Which agarose affinity resin should I use: 4B or 6B?

4b vs 6b resin


Choosing the right reagents is crucial when preparing to conduct affinity protein purification. After you’ve chosen a tag system to use, the next step is to choose an appropriate resin. This blog post will outline some of the differences between 4B and 6B agarose resin and how to choose the right resin for your needs.

Explore TriAltus’ Im7 resin products

Agarose affinity resin

Affinity chromatography resin is composed of agarose beads. Agarose beads can be used in multiple protein purification methods including size exclusion and affinity chromatography. It’s worth noting that some suppliers call their agarose “sepharose”- this is just a trademarked name for the same base material. In order to purify a protein sample using affinity chromatography, a ligand molecule is coupled to the beads. When the crude lysate is washed over the column, the ligand captures the affinity-tagged protein and remains bound while other impurities are washed away.

Differences in agarose matrices

Agarose beads come in different levels of agarose concentration which impacts several qualities of the resin. A higher concentration of agarose means that more cross-linking will occur, providing a stronger and more stable resin. This means that the resin will be more resistant to pressure buildup and can tolerate a faster flow rate. Lower agarose concentrations result in a larger pore size, while higher concentrations have a smaller pore size (Figure 1). The number of crosslinks do not affect pore size (Figure 1).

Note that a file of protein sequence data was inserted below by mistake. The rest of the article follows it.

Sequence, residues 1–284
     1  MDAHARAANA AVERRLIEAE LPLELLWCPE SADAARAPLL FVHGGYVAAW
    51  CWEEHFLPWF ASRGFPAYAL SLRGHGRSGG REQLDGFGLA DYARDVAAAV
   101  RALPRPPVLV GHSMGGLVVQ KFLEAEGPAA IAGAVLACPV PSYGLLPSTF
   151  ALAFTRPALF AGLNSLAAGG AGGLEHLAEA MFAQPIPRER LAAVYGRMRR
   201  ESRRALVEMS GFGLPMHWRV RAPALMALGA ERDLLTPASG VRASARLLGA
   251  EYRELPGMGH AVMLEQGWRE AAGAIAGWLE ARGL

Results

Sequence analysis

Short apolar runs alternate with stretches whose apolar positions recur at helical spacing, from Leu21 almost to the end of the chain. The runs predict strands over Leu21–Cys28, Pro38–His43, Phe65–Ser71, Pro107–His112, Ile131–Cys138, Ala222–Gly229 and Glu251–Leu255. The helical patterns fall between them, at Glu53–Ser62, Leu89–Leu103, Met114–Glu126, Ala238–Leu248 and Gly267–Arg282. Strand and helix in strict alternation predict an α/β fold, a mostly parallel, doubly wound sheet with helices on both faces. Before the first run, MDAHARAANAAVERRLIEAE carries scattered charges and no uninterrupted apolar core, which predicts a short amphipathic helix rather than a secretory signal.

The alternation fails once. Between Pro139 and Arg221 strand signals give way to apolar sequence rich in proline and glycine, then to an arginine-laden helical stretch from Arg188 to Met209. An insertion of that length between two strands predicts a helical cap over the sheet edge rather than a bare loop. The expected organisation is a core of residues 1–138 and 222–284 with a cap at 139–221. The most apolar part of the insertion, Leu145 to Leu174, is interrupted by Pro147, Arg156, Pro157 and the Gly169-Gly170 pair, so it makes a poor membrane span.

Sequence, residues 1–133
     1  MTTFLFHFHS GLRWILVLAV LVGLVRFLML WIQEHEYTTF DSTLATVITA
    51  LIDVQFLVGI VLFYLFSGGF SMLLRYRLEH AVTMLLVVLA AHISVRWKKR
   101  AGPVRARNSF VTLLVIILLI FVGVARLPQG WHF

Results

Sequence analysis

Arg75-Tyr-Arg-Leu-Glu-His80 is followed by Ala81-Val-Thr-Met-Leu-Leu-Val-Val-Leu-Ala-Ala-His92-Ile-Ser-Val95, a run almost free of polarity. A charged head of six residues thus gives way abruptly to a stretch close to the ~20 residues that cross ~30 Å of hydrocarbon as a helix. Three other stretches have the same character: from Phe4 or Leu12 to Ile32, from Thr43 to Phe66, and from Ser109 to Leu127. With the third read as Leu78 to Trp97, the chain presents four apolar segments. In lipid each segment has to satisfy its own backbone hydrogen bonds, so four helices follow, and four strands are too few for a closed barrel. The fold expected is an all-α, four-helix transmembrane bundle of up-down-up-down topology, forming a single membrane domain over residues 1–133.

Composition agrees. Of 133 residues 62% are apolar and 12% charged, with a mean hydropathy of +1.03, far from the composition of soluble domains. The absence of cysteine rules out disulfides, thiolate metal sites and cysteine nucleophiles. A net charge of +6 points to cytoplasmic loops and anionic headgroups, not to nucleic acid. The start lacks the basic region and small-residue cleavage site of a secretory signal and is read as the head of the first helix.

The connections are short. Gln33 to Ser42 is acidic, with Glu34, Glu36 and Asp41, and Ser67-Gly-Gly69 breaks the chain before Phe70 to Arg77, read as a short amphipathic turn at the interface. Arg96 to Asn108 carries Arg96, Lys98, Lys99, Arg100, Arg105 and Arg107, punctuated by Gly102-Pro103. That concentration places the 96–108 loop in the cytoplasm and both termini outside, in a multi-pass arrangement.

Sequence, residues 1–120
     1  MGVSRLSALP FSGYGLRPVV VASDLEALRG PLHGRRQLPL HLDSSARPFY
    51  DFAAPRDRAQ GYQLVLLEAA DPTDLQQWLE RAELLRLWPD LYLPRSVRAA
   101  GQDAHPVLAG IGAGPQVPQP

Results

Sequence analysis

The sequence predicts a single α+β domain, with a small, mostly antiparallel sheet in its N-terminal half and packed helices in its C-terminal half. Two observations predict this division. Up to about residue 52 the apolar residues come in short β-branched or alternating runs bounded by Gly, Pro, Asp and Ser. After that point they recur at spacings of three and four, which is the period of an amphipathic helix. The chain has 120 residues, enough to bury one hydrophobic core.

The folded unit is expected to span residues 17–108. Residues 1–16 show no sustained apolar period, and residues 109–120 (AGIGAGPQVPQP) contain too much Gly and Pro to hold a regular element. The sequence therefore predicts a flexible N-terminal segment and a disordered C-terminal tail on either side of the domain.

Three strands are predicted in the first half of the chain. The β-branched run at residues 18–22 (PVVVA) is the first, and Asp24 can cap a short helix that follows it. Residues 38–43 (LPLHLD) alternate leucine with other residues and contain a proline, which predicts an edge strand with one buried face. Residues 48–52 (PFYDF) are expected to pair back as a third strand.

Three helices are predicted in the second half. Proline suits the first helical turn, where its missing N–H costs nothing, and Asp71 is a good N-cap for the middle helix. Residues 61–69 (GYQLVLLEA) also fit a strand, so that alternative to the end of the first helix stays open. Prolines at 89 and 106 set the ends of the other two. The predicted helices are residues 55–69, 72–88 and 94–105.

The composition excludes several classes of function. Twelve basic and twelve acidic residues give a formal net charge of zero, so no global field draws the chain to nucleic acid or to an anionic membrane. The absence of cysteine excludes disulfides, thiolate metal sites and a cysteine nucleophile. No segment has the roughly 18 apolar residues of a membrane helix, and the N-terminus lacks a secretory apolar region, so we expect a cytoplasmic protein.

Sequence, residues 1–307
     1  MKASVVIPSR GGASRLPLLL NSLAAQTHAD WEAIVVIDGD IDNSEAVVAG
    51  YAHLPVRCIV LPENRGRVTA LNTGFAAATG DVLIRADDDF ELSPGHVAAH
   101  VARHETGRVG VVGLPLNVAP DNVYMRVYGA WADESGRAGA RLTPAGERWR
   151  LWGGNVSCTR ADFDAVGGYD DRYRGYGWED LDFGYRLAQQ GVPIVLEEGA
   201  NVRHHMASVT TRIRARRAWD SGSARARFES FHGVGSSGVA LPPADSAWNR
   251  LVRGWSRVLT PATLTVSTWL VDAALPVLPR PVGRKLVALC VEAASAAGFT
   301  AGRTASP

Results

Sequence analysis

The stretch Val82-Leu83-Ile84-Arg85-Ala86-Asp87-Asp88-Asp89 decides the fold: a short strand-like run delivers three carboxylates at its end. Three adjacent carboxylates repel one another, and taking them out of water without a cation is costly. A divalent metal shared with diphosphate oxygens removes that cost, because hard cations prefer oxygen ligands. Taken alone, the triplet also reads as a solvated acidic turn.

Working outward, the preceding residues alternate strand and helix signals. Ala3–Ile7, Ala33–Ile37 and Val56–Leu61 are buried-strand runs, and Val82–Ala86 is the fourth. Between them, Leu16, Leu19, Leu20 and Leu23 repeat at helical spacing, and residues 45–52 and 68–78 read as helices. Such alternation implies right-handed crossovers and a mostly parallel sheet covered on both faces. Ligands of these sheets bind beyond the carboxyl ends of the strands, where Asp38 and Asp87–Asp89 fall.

Figure 1. Agarose cross-linking and pore size at different concentrations. A- low agarose concentration, low crosslinking, B- high agarose concentration, medium crosslinking, C- high agarose concentration, high crosslinking. Source: “Introduction to Agarose Matrices,” Cube Biotech.

TriAltus Im7 affinity resins

TriAltus offers two varieties of Im7 resin: 4B and 6B. 4 and 6 refer to the % concentration of agarose in the resin sample. Both types of beads are 45-165 uM in size. 

4B Resin

6B Resin

  • Lower concentration of agarose
  • Higher concentration of agarose
  • Less cross-linking
  • More cross linking
  • Larger pore size
  • Smaller pore size
  • More sensitive to compression
  • Stronger resin
  • Slower flow rate 
  • Faster flow rate
  • 60 mg/mL binding capacity for Im7 resin
  • 40 mg/mL binding capacity for Im7 resin

  • 4B resin, because of its larger pore size, has a higher capacity of 60 mg/mL when tested with TriAltus’ 40 kDa model protein. 6B resin has about 40 mg/mL capacity. These capacity differences are preserved when a larger protein such as Cas9 (~160 kDa) is purified: 4B has 12 mg/mL capacity while 6B has 8 mg/mL. The tradeoff between the two comes down to capacity vs flow rate. Purifying large proteins with 4B resin may increase the yield due to the increased capacity and increased residence time due to slower flow rates.

    In summary, 4B resin has a higher binding capacity due to larger pore size, but requires a slower flow rate. 6B resin has a slightly lower binding capacity due to its higher agarose concentration, but is less susceptible to compression and can use a faster flow rate. When used as a part of the CL7/Im7 tag system, both resin options are able to purify challenging targets.